In 1973 six women and five men crossed the Atlantic Ocean on a small wooden raft as part of an exploratory mission to promote world peace. The brainchild of Mexican anthropologist Santiago Genovés, the experiment featured a curated cross-section of nationalities, religions, and backgrounds, designed to reflect the world in microcosm. The participants did not know that their conditions were engineered to foment disagreement, lust, and even violence. Their limited privacy and restricted movement were compounded by Genovés’s questionnaires and constant monitoring, as he logged their every annoyance and attraction as scientific data. Eventually panic ensued when behaviors did not adhere to the master plan and decisions were made to steer the boat into a direct path of danger.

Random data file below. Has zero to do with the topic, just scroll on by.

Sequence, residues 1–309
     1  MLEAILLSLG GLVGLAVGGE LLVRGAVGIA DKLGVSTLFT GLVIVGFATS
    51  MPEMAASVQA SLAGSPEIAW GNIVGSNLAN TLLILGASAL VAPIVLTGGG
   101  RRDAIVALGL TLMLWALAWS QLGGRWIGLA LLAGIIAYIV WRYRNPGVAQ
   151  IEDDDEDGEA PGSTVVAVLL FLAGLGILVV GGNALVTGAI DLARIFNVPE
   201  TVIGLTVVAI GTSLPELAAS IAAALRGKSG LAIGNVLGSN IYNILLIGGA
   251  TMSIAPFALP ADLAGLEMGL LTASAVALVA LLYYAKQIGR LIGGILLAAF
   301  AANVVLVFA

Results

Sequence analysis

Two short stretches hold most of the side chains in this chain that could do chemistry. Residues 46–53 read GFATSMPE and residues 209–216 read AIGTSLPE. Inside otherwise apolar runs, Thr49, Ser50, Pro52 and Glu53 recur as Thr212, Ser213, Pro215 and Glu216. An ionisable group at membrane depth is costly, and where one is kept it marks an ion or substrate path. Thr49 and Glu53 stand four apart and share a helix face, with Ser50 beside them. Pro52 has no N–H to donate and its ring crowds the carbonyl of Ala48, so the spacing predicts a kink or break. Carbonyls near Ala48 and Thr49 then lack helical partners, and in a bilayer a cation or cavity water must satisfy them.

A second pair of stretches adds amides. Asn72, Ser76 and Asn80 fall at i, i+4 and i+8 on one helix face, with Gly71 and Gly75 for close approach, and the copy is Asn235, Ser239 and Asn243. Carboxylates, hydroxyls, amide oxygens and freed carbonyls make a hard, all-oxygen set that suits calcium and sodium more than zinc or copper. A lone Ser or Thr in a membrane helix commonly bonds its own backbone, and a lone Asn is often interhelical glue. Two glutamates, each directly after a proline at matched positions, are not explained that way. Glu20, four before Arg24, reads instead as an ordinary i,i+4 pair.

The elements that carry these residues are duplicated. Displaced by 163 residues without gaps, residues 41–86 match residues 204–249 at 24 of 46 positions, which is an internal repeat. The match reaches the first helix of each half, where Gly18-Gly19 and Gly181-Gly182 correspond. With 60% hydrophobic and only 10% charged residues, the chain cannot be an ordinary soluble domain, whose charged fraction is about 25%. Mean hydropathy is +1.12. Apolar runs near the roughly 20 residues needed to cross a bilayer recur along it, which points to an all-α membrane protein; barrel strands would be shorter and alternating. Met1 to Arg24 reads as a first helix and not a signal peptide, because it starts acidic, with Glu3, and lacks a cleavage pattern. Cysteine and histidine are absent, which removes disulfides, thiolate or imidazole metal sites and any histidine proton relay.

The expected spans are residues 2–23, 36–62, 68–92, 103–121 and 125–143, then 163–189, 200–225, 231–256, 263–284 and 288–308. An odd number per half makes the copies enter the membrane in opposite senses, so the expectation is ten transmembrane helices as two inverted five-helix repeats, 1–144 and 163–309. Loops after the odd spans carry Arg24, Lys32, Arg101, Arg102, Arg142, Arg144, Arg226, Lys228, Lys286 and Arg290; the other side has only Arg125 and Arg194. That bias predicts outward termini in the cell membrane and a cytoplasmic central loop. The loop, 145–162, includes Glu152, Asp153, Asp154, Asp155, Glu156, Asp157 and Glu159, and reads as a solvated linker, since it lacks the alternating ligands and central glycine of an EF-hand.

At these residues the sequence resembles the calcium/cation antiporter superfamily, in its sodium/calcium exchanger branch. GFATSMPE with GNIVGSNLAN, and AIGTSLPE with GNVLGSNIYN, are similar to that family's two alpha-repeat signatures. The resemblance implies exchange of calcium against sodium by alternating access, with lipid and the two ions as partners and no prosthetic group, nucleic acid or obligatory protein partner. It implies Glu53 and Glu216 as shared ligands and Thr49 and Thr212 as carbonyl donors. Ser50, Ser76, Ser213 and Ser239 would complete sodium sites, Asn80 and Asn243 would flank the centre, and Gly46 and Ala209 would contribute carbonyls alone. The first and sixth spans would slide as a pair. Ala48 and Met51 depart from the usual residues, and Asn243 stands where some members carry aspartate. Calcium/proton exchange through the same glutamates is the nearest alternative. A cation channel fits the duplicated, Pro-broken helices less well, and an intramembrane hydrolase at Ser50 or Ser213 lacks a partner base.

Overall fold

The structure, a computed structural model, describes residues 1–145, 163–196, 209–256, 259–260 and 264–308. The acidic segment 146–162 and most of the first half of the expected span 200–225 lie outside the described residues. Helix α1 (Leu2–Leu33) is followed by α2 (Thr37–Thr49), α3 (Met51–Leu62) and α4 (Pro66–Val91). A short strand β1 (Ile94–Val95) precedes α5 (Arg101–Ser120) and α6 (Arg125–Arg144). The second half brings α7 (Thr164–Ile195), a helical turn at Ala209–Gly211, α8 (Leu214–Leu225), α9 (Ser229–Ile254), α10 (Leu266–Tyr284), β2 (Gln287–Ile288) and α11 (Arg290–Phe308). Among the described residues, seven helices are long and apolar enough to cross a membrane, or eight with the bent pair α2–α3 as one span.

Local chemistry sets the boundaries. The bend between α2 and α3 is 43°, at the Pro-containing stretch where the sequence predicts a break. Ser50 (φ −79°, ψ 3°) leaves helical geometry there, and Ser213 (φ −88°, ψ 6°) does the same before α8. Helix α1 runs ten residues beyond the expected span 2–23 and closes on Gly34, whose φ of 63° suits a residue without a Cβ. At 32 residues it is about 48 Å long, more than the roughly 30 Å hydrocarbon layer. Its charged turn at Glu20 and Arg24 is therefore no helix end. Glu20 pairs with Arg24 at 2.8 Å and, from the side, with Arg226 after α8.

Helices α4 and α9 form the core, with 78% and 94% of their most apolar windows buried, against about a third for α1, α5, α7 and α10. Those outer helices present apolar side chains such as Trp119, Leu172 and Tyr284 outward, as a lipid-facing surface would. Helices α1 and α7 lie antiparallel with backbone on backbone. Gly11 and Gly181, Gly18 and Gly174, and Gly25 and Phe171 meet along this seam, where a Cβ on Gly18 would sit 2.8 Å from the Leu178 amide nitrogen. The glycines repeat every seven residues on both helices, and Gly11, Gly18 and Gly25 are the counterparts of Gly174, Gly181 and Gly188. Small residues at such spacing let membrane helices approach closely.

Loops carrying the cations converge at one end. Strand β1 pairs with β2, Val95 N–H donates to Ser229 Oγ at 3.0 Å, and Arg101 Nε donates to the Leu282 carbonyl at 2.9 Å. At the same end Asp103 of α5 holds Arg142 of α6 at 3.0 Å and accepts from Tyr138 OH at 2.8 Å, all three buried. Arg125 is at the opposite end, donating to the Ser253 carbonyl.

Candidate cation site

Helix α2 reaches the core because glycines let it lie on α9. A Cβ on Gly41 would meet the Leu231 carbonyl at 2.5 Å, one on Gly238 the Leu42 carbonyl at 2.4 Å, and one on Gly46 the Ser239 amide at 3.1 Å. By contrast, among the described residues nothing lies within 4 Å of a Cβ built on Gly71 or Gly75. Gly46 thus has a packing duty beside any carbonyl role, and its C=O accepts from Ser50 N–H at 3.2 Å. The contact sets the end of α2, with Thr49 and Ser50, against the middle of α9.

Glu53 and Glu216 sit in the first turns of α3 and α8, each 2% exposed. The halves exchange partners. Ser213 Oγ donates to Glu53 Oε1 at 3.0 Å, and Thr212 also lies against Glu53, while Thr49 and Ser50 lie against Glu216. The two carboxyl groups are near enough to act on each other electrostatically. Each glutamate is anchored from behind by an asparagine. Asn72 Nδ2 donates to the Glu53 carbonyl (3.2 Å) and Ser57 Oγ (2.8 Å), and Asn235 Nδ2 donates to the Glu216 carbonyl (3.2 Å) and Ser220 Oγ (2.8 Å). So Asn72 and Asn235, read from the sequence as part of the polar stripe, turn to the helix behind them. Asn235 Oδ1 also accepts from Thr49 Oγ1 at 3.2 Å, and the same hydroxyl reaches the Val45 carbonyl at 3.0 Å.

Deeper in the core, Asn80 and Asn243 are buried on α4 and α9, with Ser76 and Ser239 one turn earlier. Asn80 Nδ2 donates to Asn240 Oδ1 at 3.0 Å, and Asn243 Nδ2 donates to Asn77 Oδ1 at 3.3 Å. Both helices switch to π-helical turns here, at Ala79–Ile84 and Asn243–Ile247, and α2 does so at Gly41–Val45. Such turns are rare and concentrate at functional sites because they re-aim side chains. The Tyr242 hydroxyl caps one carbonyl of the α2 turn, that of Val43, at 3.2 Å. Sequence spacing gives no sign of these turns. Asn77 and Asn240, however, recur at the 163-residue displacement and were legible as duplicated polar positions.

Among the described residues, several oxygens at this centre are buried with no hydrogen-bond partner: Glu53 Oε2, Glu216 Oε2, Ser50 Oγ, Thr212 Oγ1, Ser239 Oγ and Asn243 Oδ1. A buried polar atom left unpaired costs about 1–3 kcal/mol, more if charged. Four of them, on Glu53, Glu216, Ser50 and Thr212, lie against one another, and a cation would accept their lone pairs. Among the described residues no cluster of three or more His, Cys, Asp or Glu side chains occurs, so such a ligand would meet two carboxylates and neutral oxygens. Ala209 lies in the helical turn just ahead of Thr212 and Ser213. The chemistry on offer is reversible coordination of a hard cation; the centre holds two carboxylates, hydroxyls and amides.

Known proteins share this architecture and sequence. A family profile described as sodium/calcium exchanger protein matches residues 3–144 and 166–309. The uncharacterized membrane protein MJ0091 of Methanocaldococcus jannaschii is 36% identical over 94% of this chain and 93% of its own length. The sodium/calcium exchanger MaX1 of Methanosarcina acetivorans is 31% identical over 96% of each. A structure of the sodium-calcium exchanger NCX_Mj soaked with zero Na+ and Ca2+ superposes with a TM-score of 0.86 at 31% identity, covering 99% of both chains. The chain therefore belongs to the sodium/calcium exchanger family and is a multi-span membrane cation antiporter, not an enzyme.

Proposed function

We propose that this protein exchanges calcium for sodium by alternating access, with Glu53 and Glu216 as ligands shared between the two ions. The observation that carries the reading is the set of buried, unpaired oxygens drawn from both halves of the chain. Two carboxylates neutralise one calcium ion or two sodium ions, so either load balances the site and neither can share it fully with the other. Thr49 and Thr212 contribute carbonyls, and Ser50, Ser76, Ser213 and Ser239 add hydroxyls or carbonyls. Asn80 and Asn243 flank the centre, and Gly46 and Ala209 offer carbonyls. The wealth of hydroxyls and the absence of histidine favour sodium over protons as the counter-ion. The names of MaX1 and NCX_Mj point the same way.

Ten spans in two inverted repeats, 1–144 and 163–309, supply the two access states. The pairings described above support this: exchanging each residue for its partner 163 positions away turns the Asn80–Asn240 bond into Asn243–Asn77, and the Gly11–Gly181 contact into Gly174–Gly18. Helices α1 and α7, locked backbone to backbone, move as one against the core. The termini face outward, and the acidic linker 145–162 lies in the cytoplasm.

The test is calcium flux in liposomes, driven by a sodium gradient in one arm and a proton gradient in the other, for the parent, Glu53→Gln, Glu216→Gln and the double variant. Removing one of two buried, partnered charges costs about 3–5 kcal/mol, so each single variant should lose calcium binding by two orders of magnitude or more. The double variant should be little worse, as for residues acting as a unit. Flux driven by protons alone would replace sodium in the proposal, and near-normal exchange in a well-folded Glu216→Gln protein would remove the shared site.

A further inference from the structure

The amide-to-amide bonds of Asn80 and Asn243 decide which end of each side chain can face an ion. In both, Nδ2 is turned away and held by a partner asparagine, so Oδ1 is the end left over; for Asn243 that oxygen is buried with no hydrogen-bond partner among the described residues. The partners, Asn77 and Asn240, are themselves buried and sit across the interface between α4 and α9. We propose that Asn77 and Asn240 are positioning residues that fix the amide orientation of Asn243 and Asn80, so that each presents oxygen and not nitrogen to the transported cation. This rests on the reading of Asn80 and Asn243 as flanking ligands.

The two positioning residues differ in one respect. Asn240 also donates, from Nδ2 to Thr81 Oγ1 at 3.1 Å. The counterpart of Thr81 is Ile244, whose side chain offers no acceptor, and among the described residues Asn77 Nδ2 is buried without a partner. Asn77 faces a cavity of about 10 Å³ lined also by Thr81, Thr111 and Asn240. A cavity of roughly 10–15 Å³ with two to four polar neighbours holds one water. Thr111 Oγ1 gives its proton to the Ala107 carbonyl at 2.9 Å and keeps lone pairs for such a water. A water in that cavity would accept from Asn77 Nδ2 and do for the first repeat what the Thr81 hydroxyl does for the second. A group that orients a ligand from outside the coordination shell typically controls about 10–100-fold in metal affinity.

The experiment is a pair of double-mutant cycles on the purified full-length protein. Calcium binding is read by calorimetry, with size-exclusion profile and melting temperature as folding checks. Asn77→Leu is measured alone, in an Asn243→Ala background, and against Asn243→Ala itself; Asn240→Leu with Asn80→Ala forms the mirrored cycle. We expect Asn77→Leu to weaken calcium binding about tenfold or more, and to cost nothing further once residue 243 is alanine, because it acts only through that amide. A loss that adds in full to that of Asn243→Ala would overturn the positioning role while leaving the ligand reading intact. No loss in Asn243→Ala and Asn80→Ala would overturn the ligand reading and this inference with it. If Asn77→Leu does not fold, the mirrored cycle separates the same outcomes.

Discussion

In Marcus Lindeen’s film the surviving members gather on board a faithful replica of the original vessel to recall the lessons learned over their 101 harrowing days at sea. Their stories, backed by a trove of archival footage and writings, position the experiment as a thrilling precursor to today’s reality television shows, in which manufactured environments often produce unforeseen results. RM
Christopher Clements, Julie Goldman, Erik Gandini, Jesper Kurlandsky, Carlson Man Chiu Leung, Juan Pablo Libossart, Ingmar Trost, Vibeke Vogel
Dominika Daubenbuchel, Alexandra Strauss
Sweden, Denmark, Germany, United States